brings temperatures that drive this cold-loving

creature into the water. A dip in the lake might

provide momentary relief for individual moose,

but the same cannot be said for the species as

a whole. Hotter summers mean greater stress

for Isle Royale’s moose population, already at

the southern edge of their habitat range.

Balsam Fir

Balsam Fir is plentiful on Isle Royale now, but

as a cold weather species, it is vulnerable to

warming climates. Since it is the primary winter

Food for moose, the loss or reduction of this

species could affect the island ecosystem.

Winter Tick

Female winter ticks take a blood meal from

moose each spring before laying eggs. In

years when ticks are abundant, there can be ticks

on a single moose. Moose can lose a lot of blood,

and itching can lead to hair loss and hypothermia.

Warmer springs are linked to reproductive

success for winter ticks.

Edisen Fishery

The historic fish house and dock at the Edisen

fishery sit on the waters of Rock Harbor. This

placement makes the structures reliant on the lake.

Changing water levels could cause the structures

to become damaged or inaccessible.


As a cold water fish, cisco cannot withstand

water temperatures warmer than °F. In the

mid-nineties, scientists found a handful of cisco in

Four inland lakes, but another study in  failed to

locate any cisco in two of the four lakes. This

could be the first example of localized extinction

as a direct result of climate change.

Planning for the Future

Isle Royale National Park continues to plan for

the future. Three plans are currently in progress:

Cultural Resources Management Plan, Wilderness

Stewardship Plan, and Wolf Management Plan.

Drafts of these plans and associated environmental

Impact statements will be available online for review

and comment. Public comments are a critical part

of the planning process, and we look forward to

working with you and appreciate your continued

Interest in the future of Isle Royale National Park.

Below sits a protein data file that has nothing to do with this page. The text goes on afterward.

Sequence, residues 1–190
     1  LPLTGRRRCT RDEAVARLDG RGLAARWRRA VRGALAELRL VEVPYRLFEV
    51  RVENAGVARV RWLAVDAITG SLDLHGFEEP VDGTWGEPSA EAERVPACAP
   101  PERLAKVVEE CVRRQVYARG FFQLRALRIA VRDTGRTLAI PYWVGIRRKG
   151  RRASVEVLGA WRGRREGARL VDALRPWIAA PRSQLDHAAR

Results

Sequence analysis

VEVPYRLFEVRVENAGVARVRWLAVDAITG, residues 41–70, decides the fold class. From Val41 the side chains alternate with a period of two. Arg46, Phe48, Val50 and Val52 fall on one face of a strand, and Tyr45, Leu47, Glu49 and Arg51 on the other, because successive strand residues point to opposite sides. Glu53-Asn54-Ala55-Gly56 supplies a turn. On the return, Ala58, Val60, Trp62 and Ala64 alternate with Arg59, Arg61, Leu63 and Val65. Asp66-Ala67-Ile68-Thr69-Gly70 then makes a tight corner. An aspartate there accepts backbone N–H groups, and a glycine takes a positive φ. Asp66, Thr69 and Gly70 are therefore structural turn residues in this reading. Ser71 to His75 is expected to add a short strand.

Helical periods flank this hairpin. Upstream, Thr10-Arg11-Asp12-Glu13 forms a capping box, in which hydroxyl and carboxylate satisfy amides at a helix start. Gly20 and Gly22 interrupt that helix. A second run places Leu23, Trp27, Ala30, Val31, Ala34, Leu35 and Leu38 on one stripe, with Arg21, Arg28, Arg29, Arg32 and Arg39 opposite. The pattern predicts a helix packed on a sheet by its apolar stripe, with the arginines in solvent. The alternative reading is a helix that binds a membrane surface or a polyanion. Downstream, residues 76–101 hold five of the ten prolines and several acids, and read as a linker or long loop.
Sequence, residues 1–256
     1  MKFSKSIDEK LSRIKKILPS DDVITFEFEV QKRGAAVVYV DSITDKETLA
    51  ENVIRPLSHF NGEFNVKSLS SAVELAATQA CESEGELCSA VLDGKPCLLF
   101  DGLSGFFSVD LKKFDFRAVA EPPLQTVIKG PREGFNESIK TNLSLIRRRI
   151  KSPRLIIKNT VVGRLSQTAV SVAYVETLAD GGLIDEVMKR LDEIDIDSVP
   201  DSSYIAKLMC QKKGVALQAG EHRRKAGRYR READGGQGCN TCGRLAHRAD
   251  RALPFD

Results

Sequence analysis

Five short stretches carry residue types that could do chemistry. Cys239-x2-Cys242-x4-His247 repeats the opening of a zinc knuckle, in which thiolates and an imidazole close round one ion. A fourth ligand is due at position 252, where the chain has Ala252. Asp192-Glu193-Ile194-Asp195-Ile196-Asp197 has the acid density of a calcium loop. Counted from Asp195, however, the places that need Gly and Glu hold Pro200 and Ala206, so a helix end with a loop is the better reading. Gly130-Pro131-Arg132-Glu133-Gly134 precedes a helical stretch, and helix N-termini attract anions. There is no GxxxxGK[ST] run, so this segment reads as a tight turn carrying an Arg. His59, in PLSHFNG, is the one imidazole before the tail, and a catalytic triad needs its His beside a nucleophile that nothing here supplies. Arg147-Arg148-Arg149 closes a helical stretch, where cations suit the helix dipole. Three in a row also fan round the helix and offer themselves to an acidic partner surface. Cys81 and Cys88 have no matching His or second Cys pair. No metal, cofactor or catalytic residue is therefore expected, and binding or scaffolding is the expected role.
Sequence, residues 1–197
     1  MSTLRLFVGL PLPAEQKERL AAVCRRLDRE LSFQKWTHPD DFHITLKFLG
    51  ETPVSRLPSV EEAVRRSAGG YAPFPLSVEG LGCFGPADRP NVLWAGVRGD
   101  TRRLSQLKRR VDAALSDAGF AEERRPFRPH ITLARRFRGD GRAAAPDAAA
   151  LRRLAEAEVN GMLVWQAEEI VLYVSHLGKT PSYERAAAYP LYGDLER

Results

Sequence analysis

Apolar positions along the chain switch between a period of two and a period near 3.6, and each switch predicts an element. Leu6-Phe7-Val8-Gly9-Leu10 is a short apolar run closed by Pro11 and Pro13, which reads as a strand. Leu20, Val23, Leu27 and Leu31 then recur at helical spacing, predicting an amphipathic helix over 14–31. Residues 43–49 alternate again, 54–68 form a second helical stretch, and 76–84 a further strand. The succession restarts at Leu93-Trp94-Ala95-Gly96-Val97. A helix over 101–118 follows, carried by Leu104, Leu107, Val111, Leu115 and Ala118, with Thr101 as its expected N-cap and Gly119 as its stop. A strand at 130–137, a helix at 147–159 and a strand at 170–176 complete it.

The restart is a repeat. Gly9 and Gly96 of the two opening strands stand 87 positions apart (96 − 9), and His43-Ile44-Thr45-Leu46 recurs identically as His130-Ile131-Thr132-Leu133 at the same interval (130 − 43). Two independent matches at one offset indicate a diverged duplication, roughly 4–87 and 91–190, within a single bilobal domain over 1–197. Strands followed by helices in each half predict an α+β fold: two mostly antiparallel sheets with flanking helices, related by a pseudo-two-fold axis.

Newsletters, participation opportunities, and other

information related to these plans can be found at http://parkplanning.nps.gov/ISRO.




Provides drop-off and pick-up services

between Rock Harbor and McCargoe Cove

on the north shore and Rock Harbor and

Malone Bay on the south shore. Available

when concession services are open . For rates,

schedules and further information visit www.

RockHarborLodge.com For contact information

refer to page 2.


• No alcohol consumption on passenger ferries.

• Pets and wheeled devices are not allowed

• Wheelchairs are allowed.

• Stove fuel can be carried in approved containers

on ferries, but not on the seaplane.

• Lake Superior weather

is cool throughout the year; for comfort bring

a warm jacket.


Join the Isle Royale & Keweenaw

Parks Association and Support Isle

Royale National Park Programs

The Isle Royale & Keweenaw Parks Association, in

partnership with the National Park Service, promotes the

public’s understanding and appreciation of Isle Royale

National Park and Keweenaw National Historical Park

through education and research.

IRKPA helps educate people about these special places

and raises funds through memberships, sales, and

grants that are reinvested in the parks to support

interpretive programs and research.

We publish and sell books and other products relevant

to our parks, print park newspapers and brochures,

conduct field trips and workshops, and provide funding

for historic preservation projects and public outreach


Every year the Isle Royale & Keweenaw Parks Association

contributes approximately $, in cash and in-kind aid

to Isle Royale National Park.


You can support the work of the Isle Royale & Keweenaw Parks

Association and our partner parks by becoming a contributing

member of our organization. Your tax-deductible contribution

will help us share the stories of Isle Royale National Park and

Keweenaw National Historical Park with people of all ages,

around the world.